My Starfleet Education



I usually start with something about me; my books, my blog, my opinions, but this time it’s different.  Other bloggers post when they post, and these two profound items arrived a day apart.  They are incredibly important to authors who are serious about raising their game to the next level, and if I’m going to call myself serious about helping newbies find their voice, these have to be the lead items.  Listen to me carefully if you are a beginning or struggling author seeking ways to raise your game.  Go first to the Writers Helping Writers website and read There Will Be Blood by Lisa Cron.  I once heard a famous author (who I think was Dean Koontz) say that once you know a character’s life-or-death secret, he or she will leap off the page.  I have tried to incorporate that in my own writing, and passed it along to others on many occasions, but he never really explained how to make it work in practical terms.  Ms. Cron does so with depth and clarity, and your writing can only improve exponentially after reading this essay.  There is also a link to her own web page, Wired for Story, which is very much worth a bookmark.  I’ve a feeling you can’t go too far wrong here!


Once you’ve hoisted Ms. Cron’s wisdom aboard, pay a visit to Richie Billing, another insightful blogger of my acquaintance who expands on her concept with a look, not at characters, but at theme.  His dissertation on the subject is similar in approach, and can be found in his latest blog post.  I highly recommend it be read in tandem with Ms. Cron’s master work above.

It is an accepted axiom (at least among the superstitious!) that good things come in threes, and to round out this trilogy of insights, I will now refer you to my own blog post on the presentation of action, below.  With these powerful tools at your disposal, you’ll be ready to make your own personal assault on the best-seller list of your choice.  Read on, adventurer, then go forth and conquer!

We now return you to our regular programming . . .

Much of what I know about writing, I learned from Star Trek.  Long-time friends will know that I live by the mantra that wisdom is where  you find it.  Once you’ve accepted that particular axiom, it pretty much forces you to keep an open mind, even about things that seem at first glance to be less than optimum.  Gather ’round, kiddies, and I’ll share an illustrative tale from my youth.

It was around 1970, maybe ’71, a long time ago by any mortal standards.  I had been out of the navy for a number of months, and while I had gone home to civilianize and make my start at what would eventually become my career, my great-grandmother fell and broke her hip.  She had been my primary caregiver throughout my childhood, and now it was my turn to return the favor.  For four years she was an invalid in a wheelchair, and my primary responsibility.  I couldn’t be gone from her beck and call very often or for very long, and much of that forced idleness went into writing.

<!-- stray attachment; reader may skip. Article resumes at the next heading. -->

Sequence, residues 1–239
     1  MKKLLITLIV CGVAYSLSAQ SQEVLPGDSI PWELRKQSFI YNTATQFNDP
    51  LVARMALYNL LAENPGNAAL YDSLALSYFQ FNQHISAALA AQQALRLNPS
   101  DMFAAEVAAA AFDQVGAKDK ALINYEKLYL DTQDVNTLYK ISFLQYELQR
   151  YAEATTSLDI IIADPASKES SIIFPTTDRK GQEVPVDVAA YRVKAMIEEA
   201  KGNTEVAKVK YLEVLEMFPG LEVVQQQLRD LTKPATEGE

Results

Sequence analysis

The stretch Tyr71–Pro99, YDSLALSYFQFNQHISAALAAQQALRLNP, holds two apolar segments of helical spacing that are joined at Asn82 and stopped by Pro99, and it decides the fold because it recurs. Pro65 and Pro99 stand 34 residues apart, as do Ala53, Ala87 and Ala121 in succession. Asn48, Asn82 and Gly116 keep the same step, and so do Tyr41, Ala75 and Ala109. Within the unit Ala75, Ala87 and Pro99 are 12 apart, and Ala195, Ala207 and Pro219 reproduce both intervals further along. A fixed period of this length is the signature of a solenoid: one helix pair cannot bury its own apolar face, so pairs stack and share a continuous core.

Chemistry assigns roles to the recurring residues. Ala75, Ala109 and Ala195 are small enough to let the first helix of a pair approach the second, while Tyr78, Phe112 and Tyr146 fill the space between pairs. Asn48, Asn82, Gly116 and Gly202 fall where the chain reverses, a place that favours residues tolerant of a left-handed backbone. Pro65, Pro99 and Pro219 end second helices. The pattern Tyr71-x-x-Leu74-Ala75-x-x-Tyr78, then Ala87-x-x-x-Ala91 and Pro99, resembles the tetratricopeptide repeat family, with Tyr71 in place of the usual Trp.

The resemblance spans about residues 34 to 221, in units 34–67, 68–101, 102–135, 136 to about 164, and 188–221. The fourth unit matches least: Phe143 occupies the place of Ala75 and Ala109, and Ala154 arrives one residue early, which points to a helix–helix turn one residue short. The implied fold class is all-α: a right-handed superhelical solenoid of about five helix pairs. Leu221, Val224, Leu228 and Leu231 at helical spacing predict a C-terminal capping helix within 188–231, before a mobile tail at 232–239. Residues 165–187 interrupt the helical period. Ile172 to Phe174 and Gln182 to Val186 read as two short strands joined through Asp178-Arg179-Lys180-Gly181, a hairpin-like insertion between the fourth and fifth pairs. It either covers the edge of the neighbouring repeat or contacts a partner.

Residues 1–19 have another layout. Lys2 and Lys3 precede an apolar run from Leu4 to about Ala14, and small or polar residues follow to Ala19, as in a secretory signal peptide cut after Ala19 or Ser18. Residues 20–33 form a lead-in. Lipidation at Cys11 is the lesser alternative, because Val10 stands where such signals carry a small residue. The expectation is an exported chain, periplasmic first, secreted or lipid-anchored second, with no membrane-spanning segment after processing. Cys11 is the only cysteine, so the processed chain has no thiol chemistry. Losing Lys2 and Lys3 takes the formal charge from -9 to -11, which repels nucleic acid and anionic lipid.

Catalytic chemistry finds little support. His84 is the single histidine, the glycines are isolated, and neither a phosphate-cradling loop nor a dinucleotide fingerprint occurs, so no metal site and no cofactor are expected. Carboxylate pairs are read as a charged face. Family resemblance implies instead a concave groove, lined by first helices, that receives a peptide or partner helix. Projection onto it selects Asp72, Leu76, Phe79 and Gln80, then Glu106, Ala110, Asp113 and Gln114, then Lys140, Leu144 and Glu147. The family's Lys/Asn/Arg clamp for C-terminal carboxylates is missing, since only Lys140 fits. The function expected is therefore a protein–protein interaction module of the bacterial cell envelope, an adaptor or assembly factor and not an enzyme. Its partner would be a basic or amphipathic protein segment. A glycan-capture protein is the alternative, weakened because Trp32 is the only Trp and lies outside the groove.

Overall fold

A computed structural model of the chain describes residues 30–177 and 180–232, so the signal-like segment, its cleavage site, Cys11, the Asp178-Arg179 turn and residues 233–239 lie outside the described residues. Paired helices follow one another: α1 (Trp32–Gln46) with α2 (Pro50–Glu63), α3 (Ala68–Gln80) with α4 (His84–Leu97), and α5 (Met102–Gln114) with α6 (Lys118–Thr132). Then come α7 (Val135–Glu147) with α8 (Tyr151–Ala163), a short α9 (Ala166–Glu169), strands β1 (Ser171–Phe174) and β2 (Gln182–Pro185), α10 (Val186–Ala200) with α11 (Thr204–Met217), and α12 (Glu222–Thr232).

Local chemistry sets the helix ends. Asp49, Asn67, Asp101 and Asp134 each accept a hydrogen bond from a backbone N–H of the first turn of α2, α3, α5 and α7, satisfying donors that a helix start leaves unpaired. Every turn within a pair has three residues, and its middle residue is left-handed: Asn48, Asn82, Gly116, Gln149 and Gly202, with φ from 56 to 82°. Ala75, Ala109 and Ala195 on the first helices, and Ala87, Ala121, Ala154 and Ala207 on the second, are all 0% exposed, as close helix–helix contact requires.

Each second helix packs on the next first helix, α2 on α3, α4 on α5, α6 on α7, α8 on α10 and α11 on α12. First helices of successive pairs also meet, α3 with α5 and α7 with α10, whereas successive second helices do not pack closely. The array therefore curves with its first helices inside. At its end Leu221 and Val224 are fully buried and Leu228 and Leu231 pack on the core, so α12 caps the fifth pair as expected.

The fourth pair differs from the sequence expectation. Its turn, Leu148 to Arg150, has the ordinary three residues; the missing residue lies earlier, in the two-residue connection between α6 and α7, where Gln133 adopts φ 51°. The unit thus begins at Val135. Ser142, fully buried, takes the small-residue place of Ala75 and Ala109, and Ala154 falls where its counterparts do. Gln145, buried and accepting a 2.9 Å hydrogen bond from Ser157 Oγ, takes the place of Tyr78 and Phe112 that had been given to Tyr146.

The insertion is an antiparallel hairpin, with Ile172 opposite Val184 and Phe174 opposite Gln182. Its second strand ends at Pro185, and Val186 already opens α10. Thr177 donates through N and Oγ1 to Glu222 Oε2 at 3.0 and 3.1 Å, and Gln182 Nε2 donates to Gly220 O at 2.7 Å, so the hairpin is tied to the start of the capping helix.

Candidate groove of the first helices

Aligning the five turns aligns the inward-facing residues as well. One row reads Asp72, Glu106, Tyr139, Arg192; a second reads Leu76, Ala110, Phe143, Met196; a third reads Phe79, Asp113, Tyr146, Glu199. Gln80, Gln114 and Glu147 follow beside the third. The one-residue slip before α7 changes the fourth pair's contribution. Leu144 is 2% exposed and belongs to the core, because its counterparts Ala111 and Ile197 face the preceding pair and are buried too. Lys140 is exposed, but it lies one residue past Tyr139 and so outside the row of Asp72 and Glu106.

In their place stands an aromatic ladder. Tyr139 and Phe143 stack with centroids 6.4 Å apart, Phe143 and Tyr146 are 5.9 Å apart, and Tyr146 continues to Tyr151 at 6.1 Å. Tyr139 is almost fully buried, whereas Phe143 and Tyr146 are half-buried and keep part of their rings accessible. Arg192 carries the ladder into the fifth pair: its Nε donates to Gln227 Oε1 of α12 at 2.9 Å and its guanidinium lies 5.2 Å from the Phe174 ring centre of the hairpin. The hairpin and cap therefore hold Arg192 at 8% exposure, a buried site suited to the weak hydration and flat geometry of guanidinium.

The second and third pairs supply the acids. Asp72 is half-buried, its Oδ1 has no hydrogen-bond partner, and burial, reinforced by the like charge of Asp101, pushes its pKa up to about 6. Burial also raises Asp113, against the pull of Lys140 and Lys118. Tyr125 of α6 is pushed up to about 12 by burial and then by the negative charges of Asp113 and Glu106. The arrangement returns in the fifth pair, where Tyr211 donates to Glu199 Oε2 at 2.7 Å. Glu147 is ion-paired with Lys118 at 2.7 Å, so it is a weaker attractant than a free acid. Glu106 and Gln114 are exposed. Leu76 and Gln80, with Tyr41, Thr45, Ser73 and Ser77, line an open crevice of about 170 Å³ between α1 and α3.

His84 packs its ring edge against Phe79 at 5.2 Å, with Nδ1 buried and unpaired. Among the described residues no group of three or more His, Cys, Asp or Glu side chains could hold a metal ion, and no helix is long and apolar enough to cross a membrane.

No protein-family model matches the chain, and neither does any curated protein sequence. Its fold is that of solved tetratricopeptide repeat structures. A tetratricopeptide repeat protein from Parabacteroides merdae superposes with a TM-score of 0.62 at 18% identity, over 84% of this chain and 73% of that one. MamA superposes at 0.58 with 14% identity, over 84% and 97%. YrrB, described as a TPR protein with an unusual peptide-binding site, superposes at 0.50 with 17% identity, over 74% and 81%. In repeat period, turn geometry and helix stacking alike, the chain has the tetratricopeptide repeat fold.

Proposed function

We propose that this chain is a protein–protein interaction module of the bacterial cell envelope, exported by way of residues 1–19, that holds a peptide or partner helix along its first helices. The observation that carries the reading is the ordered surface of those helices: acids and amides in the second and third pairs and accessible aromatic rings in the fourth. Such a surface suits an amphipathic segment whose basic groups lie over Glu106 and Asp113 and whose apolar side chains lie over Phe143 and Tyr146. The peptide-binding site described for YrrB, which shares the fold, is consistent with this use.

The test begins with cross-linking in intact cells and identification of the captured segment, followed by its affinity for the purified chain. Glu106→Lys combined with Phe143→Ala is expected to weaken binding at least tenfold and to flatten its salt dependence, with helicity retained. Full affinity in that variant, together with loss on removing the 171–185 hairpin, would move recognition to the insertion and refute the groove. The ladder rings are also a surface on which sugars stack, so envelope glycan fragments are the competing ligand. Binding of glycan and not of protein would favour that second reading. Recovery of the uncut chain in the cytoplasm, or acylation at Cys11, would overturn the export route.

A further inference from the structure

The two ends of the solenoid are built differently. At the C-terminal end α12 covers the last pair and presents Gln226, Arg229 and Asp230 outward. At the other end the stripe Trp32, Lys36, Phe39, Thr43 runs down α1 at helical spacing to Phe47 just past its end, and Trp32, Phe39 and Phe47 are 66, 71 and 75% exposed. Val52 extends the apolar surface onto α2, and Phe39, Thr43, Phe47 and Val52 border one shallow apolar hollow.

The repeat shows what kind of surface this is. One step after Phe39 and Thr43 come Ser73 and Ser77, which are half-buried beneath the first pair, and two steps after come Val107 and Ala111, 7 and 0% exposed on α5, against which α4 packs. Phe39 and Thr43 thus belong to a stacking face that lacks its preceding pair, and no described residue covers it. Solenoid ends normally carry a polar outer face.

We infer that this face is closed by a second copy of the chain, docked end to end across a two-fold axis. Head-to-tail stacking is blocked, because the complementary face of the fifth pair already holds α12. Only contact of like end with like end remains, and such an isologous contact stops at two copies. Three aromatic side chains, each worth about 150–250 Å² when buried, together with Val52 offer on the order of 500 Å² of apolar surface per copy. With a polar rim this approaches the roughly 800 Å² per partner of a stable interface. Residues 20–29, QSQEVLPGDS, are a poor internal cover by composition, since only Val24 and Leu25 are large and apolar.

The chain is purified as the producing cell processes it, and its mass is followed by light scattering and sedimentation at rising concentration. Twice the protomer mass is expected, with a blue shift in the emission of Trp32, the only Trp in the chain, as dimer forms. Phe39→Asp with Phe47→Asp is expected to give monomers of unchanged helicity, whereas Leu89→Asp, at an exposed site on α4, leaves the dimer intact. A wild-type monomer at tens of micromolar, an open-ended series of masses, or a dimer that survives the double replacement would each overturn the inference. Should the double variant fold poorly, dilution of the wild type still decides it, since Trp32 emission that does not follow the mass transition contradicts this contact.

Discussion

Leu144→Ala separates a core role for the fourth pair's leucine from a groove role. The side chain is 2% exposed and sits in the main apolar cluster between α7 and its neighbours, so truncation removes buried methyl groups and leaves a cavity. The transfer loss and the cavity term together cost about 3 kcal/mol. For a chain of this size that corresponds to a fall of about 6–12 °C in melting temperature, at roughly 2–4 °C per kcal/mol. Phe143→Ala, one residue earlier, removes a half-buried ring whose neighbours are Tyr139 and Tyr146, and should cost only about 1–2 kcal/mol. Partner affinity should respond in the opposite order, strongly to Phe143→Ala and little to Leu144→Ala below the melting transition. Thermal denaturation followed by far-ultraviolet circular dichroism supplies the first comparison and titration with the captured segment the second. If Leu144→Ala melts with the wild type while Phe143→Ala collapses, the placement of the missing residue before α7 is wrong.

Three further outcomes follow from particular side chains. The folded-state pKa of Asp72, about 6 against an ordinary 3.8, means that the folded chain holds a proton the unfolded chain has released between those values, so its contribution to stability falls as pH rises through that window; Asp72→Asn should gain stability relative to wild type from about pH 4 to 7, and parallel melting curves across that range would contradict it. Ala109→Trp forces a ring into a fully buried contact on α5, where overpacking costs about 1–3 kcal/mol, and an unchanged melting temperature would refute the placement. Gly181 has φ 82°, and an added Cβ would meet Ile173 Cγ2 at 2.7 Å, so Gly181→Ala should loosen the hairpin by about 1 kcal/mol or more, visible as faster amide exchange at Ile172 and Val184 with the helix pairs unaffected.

Star Trek had been first-run while I was in the navy, and I was unable to follow it on any sort of regular basis, but it went into local syndication following its cancellation, and I ate it up!  I watched and rewatched the episodes, read the novelizations, built models, wrote stories of other ships with different crews, and pored over the ads for Star Trek memorabilia and props in the popular science fiction magazines of the time.

STGuideIt was in the back of one of these august publications that I found The Official Star Trek Writer’s Guide.  The price was a few bucks, not even pocket change by today’s standards, but back then it was a substantial outlay for someone who could only work dog-walking or doing yard work a couple of hours a day.  Well, my rage could be seen from space when this reeking disappointment of a publication landed in my mailbox.  Its 31 photocopied pages had been written on a typewriter that had seen better days, had faded bands on them making whole sections painfully difficult to read, and to top it all off, the “binding,” to abuse a term beyond all sufferance, consisted of two brass brads pushed through the left side.  The printing was so uneven and off-center that I had to take it apart to read some of the pages.  I could have bitten the head off a nail!